The International Fresh Produce Association (IFPA) welcomed the introduction of the Continuous Improvement in Organic Standards Act (CIAO) 2023. The legislation would amend the Organic Foods Production Act of 1990 to provide a streamlined and predictable process to review and revise organic standards implemented by the U.S. Department of Agriculture. It would enable the improvement and advancement of organic to forge ahead into the future.
The bill is a product of a coalition of industry partners, including the Specialty Crop Farm Bill Alliance, the Organic Trade Association, the Organic Produce Association, the National Organic Coalition, and the Organic Farmer’s Association.
ARS and APHIS also use this model of establishing a work plan based on stakeholder input and adding transparency and accountability to the standards process.
IFPA has worked closely with OTA and Northwest Hort to secure a Republican lead on the bill, Rep. Dan Newhouse (R-WA), and a Democratic lead, Rep. Jimmy Panetta (D-CA).
“IFPA thanks Reps. Dan Newhouse, Jimmy Panetta, Salud Carbajal, Chellie Pingree, David Valadao, and our fellow members of the industry coalition for support of the Continuous Improvement in Organic Standards Act of 2023,” said Vice President of U.S. Government Relations, Rebeckah Adcock.
“Since the first nationwide standards were established in 2000, the network of requirements and regulations that monitor the organic industry has been a gold standard for food and agricultural systems worldwide,” Adcock added.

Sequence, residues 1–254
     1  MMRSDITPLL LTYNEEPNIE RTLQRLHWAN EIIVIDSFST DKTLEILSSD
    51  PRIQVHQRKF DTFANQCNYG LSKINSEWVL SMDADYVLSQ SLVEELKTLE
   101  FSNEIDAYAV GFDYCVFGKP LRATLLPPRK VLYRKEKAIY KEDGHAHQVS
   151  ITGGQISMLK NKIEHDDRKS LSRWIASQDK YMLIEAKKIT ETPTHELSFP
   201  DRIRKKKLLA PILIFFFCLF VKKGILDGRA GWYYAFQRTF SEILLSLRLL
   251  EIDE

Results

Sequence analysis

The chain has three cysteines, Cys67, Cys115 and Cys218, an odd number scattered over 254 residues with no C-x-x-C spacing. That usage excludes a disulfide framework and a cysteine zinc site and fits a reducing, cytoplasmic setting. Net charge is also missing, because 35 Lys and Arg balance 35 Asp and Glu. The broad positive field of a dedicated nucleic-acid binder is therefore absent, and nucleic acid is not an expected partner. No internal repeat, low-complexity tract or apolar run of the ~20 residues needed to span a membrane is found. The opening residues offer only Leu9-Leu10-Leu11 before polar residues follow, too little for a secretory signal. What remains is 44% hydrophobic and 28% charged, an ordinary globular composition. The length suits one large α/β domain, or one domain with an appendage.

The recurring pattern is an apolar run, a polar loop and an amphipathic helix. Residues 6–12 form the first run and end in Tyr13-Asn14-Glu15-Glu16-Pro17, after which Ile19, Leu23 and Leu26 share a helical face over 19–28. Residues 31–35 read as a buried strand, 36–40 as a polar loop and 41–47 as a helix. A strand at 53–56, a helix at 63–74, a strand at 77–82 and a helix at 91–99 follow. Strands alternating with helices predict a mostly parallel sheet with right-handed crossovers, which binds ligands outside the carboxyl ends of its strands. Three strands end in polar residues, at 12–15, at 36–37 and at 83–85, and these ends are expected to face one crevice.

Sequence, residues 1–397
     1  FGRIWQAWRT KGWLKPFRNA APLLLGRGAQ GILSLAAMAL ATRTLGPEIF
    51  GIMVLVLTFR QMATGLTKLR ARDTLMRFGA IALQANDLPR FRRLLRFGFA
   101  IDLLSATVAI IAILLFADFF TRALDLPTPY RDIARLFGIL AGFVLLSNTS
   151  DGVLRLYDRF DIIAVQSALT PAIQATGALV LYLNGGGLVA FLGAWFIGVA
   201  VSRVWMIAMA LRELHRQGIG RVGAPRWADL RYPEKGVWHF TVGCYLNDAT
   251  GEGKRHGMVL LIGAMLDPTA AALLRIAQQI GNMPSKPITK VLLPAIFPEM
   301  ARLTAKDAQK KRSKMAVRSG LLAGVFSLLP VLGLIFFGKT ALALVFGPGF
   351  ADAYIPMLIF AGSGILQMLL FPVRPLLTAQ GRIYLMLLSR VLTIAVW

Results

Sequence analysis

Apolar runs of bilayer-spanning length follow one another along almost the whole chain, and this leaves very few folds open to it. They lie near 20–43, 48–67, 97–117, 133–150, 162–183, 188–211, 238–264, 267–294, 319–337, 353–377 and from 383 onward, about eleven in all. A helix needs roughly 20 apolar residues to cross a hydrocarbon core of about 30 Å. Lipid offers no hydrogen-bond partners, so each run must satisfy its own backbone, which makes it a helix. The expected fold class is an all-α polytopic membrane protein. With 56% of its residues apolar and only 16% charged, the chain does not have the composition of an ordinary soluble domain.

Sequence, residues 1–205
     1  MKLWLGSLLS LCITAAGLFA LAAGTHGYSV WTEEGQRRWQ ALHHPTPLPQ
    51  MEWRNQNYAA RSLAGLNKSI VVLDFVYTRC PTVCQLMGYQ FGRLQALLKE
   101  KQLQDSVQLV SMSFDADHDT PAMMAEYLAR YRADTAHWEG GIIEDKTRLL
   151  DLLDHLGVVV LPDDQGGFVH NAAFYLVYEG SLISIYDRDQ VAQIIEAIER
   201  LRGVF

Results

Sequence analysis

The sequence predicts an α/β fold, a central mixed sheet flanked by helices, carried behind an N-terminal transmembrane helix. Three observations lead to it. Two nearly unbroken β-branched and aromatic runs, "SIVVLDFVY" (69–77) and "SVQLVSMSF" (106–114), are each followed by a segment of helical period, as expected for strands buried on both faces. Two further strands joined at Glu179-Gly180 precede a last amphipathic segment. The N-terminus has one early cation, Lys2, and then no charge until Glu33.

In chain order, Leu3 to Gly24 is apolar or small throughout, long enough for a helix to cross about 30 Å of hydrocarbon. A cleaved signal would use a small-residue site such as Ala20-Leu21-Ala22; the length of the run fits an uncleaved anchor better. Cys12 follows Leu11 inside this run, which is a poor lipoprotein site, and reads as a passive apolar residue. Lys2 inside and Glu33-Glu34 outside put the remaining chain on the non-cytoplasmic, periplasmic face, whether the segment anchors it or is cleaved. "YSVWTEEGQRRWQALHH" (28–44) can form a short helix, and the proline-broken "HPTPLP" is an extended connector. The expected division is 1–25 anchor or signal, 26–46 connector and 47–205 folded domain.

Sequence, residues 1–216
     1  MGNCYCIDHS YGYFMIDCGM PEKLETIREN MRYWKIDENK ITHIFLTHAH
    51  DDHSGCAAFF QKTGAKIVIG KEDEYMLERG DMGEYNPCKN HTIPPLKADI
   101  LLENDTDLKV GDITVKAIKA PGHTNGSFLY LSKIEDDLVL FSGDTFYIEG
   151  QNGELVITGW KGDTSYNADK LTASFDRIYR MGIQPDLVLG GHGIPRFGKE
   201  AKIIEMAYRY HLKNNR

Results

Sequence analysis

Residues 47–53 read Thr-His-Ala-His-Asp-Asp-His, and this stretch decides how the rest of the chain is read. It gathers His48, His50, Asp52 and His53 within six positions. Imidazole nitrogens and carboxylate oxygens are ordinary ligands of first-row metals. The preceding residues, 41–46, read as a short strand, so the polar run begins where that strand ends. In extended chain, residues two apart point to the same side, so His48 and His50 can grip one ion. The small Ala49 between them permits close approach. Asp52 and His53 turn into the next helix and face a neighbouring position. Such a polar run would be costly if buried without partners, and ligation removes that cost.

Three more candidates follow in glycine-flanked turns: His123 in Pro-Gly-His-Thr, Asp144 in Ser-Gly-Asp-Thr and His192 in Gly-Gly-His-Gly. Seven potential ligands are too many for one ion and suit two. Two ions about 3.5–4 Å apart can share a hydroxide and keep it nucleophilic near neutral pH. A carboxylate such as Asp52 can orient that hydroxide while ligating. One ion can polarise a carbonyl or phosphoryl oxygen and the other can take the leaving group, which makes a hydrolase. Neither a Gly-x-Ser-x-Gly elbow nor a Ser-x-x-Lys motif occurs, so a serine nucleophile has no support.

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The 1990 Organic Foods Production Act was set to “establish national standards” that help consumers know that their purchasing products are produced consistently.
Since the first nationwide standards were established in 2000, the network of requirements and regulations that monitor the organic industry has been a gold standard for food and agricultural systems worldwide. However, over the past several years, the federal regulatory apparatus has fallen behind, slowing innovation and continuous improvement within the industry.
“The organic sector has to be able to keep improving and evolving to meet the future needs and desires of both producers and consumers, and this legislation goes far to enable that progress,” said Tom Chapman, CEO of the Organic Trade Association. “Consumers are eating more organic produce than ever, and organic policy needs to be responsive to the issues that impact organic produce growers and consumers. We are grateful to work with partners like the International Fresh Produce Association to get that done.”
IFPA welcomed hundreds of industry members to Washington, D.C., during the organization’s Washington Conference in September. Attendees marched on the Hill to advocate for various industry priorities, including labor and immigration reform, nutrition, food safety, and more.
The Continuous Improvement in Organic Standards Act is one of 15 bills that this Congress has introduced directed at the reauthorization of the 2023 Farm Bill, which has the support of IFPA and the Specialty Crop Farm Bill Alliance.
“The Organic sector has grown to more than a $67b U.S. market, with the USDA Organic seal serving as one of the most trusted consumer labels in the marketplace,” said Adcock. “However, in order to maintain that growth, the standards must be able to be responsive to changes in scientific information, environmental and ecological data, and consumer demands.”